Doctor's orders

The nation's physicians recently voiced their support of biotech crops. The American Medical Association (AMA) released a report stating that no long-term health effects have been detected from the use of transgenic crops and genetically modified foods. Instead, these foods are nearly equivalent to their conventional counterparts.

Deere profits up

Deere & Company recorded net income of $486 million on sales of $13.1 billion for its fiscal year ending October 31, 2000. The income more than doubled the previous year's net income of $239 million. The 2000 income level does not reach the net income posted in 1998, however. That year, the company reported a net income of $1,021 million. The Moline, IL, equipment manufacturer is headed by a new chairman and chief executive officer, Robert Lane.

Check organic rules

USDA has finalized national standards for the production, handling and processing of organically grown products. These standards set the methods, practices and substances to be used in producing and handling organic crops and livestock. Briefly, the new standards prohibit genetic engineering methods, irradiation and fertilization with sewage sludge. Organic livestock production excludes treatment with antibiotics or hormones. New organic labels will appear this summer. Check www.ams.usda.gov/nop for a look at the final standards.

Land sellers rule

It's a seller's market in the Midwest for farmland, according to a report from Farmers National Company, the nation's largest farm management and land brokerage firm. The company expects an active market in 2001 with more buyers than sellers. It credits the 1031 tax deferred exchange option for fueling the land market. Most of the buying interest is for top-producing farms and ranches, no matter the location. Here's what the company reports:

Illinois and Indiana: Top ag land trades in a range of $3,000 to $3,500/acre, with some up to $4,000/acre.

Iowa: Buyers continue to outnumber sellers in Iowa with no change in sight. Top land goes for $3,000 to $3,500/acre in east-central Iowa and some northwest areas. But most northern Iowa farms sell for around $2,200 to $2,600/acre.

Western Ohio and eastern Indiana: The sale of land for development plays big in this area. However, quality farmland out of development range is selling for $2,750 to $3,400/acre.

Eastern Nebraska: Farmland values in eastern Nebraska where Farmers National is headquartered are running steady or 2 to 4% higher. The company estimates that 70% of the farm sales goes to other farmers and 30% is bought by investors and nonresident landowners.

Modest increases in equipment sales predicted

Major ag equipment manufacturers show guarded optimism for sales in 2001. The Equipment Manufacturers Institute (EMI) surveyed 43 member companies in January for their sales predictions for this year. On average, the manufacturers predict modest increases in sales in most categories of equipment. They anticipate that the 4-wd tractor market will remain strong with a 3.1% increase. They also predict that sales of air seeders/drills will increase 5.5%, planters will be up 4.5%, farmstead-type equipment will rise 1.4%, field cultivators and chisel plows will increase 1.3% and disk harrows will be up 0.8%.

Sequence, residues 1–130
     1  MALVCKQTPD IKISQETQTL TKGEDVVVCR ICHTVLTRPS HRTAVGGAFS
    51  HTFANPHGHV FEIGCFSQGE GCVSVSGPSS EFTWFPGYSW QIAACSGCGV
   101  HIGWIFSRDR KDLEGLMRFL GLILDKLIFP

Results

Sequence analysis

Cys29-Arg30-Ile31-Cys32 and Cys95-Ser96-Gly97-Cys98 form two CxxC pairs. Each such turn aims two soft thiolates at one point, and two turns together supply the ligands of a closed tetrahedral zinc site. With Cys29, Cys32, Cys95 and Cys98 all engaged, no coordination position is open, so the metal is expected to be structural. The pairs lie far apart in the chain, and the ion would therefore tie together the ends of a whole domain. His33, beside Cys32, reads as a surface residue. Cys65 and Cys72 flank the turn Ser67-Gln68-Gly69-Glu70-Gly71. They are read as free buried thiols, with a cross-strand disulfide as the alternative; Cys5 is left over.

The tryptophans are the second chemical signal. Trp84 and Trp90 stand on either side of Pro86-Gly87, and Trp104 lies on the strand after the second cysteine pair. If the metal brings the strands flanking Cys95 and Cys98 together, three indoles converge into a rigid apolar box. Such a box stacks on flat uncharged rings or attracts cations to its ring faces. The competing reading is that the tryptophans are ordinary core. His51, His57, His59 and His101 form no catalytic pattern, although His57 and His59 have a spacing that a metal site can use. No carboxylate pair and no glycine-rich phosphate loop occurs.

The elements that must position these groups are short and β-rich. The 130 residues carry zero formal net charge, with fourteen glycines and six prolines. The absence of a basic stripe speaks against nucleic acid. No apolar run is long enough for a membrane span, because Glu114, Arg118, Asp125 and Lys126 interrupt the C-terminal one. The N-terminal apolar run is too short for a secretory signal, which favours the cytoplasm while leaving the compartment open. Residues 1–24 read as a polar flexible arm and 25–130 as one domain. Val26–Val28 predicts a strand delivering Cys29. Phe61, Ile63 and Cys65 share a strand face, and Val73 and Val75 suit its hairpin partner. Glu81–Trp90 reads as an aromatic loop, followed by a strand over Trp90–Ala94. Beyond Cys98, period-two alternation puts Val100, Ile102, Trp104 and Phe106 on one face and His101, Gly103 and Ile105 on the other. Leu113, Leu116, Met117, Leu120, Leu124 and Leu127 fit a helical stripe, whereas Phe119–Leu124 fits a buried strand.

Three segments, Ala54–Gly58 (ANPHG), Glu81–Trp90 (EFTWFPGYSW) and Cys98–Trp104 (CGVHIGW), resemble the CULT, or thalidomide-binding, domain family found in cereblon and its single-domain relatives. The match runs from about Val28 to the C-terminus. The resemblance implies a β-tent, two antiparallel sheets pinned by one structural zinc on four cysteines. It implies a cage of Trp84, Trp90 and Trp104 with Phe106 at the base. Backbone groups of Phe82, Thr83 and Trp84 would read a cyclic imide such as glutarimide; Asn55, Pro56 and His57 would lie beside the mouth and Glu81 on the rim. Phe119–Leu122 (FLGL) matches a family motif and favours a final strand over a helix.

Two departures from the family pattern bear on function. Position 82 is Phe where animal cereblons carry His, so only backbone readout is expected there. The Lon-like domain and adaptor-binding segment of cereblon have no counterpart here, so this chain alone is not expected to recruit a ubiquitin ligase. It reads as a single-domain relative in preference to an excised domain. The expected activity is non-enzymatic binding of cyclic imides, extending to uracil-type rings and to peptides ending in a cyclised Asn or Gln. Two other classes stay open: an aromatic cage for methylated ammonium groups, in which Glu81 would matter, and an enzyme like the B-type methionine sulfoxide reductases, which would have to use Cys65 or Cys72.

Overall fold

The manufacturers expect sales of self-propelled combines to decline 7.2% compared with 2000 numbers. They also expect that sales of all 2-wd tractors will decline in numbers, 2-wd models under 40 hp will drop 4.3% from last year, tractors with 40 to 100 hp may drop 3.6% and models with 100+ hp will decline only 2.2%.

Undeterred growers

The recent controversy surrounding StarLink corn apparently has done little to dampen farmers' enthusiasm for biotechnology, according to a report from 13 major farm organizations and the Council for Biotechnology Information (CBI). In a recent news release, CBI reports that some seed company sales of biotech products are up compared with last year's sales. In an early online survey of farmers, 45% of the respondents said they will plant the same or a greater percentage of biotech corn in 2001. In comparison, 29% indicated they will plant a reduced percentage or no biotech in the coming year.

Meanwhile, the battle over biotech promises to continue. Greenpeace members dumped a ton of StarLink corn at the EPA to welcome Christine Todd Whitman to her new job as head of the agency.

Garst completes StarLink tests

Garst Seed Company reports that all its seed available for sale to growers tests negative for StarLink contamination. Garst started testing all 140 hybrids in November before USDA asked seed companies to voluntarily test. It recently finished testing all hybrids sold under the Garst, AgriPro, Gutwein/Garst and PSA/Garst brand names.

Steve Klein, Garst's director of marketing, reports that “a very limited number” of seed lots were confirmed positive. These lots will not be available for purchase. In addition, Garst tested its parent seed stock and none contained the StarLink protein.

Growers who have questions or concerns may call the company's toll-free number: 800/831-6630, ext. 5277.